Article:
This article provides a practical explanation of Interim Management. After reading, you will understand the basics of this powerful management discipline.
What is Interim Management?
Interim Management refers to the temporary roles of people with management knowledge within an organisation. These people are referred to as interim managers and are usually experienced leaders who can run and manage an organisation during times of change or transformation. The Interim Management Association defines it as the ‘the quick supply of senior executives to manage change or transition’.
Interim managers are generally hired for a period of three to nine months to help an organisation with change management. They help to implement a crucial strategy, close a management gap, or facilitate change.
Interim managers are used because a permanent role isn't necessary or because no person in the company is suitable or available for the job in question. An interim manager can offer stability to a company after an experienced leader has stepped down, for instance.
Modern Interim Management started in about the 1970s. Employees in the Netherlands are protected by long notice periods and high costs for ending employment contracts. This made hiring temporary managers an obvious solution.
After that the concept made numerous appearances in studies into different forms of contractual relationships, for instance by Atkinson.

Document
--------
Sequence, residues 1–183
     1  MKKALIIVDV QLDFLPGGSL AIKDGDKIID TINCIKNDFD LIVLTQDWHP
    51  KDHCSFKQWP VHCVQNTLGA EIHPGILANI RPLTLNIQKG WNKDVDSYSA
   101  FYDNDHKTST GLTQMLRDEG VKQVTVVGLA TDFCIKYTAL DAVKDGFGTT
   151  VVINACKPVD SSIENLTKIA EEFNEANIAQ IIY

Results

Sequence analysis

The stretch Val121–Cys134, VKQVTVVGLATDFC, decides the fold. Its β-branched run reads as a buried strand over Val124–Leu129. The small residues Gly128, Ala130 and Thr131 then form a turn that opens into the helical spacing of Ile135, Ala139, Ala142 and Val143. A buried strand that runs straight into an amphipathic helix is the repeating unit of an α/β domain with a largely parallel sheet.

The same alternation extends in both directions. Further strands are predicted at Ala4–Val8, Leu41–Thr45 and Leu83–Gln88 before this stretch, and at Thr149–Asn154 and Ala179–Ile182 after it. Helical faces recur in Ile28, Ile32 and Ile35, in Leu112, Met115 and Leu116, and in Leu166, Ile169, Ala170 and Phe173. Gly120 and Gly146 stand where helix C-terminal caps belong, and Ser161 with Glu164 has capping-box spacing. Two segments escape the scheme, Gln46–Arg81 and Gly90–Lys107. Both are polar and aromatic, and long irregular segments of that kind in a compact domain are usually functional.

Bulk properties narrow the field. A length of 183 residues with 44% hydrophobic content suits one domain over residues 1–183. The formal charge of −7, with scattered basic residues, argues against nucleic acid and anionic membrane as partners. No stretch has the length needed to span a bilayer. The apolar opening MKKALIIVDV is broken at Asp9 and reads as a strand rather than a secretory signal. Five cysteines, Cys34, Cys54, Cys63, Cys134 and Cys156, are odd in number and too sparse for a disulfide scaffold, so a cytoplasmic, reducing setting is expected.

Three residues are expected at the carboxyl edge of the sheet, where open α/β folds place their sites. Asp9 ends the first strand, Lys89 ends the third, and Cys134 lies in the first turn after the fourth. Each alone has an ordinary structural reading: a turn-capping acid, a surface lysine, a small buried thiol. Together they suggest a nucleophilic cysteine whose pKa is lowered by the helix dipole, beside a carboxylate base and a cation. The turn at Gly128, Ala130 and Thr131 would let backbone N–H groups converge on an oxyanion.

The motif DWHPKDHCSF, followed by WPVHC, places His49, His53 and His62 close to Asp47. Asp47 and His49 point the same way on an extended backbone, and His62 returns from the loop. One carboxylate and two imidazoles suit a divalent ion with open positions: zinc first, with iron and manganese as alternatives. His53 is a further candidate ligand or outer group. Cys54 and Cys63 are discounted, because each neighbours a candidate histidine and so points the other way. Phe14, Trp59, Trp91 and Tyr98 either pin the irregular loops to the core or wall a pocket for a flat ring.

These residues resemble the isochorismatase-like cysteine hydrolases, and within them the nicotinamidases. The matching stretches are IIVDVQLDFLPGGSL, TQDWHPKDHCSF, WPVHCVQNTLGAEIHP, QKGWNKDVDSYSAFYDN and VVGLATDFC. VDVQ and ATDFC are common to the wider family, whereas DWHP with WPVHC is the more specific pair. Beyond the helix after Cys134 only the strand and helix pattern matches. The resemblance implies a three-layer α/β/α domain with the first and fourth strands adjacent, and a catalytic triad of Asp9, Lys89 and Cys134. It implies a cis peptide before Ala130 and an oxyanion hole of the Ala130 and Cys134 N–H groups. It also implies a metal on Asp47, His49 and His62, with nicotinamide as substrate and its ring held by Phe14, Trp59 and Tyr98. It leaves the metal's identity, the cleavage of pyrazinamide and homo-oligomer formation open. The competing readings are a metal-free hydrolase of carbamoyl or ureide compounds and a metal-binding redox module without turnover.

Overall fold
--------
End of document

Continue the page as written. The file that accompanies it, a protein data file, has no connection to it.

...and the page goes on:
Interim Management in practice
Interim managers are mainly used when organisations are undergoing changes. They are either self-employed, or work for an interim management agency.
Sometimes a new role is created specifically for them to make the target company more efficient. This role didn't exist before they joined the company, but will usually become a permanent position.
When they first start the job, interim managers set a precedent about how their role should look. Companies will place their trust in the interim manager's expertise to determine how the change is to be implemented.
Example of an Interim Management position
A family business that sells electronics is in a serious crisis after having lost significant market share in recent years, all resulting from an internal conflict. The CEO has stepped down, and the board can't find a suitable leader with enough experience.
The board is faced with two options. The first is to try and recruit a senior executive from another company. This is an expensive option, and might exacerbat...
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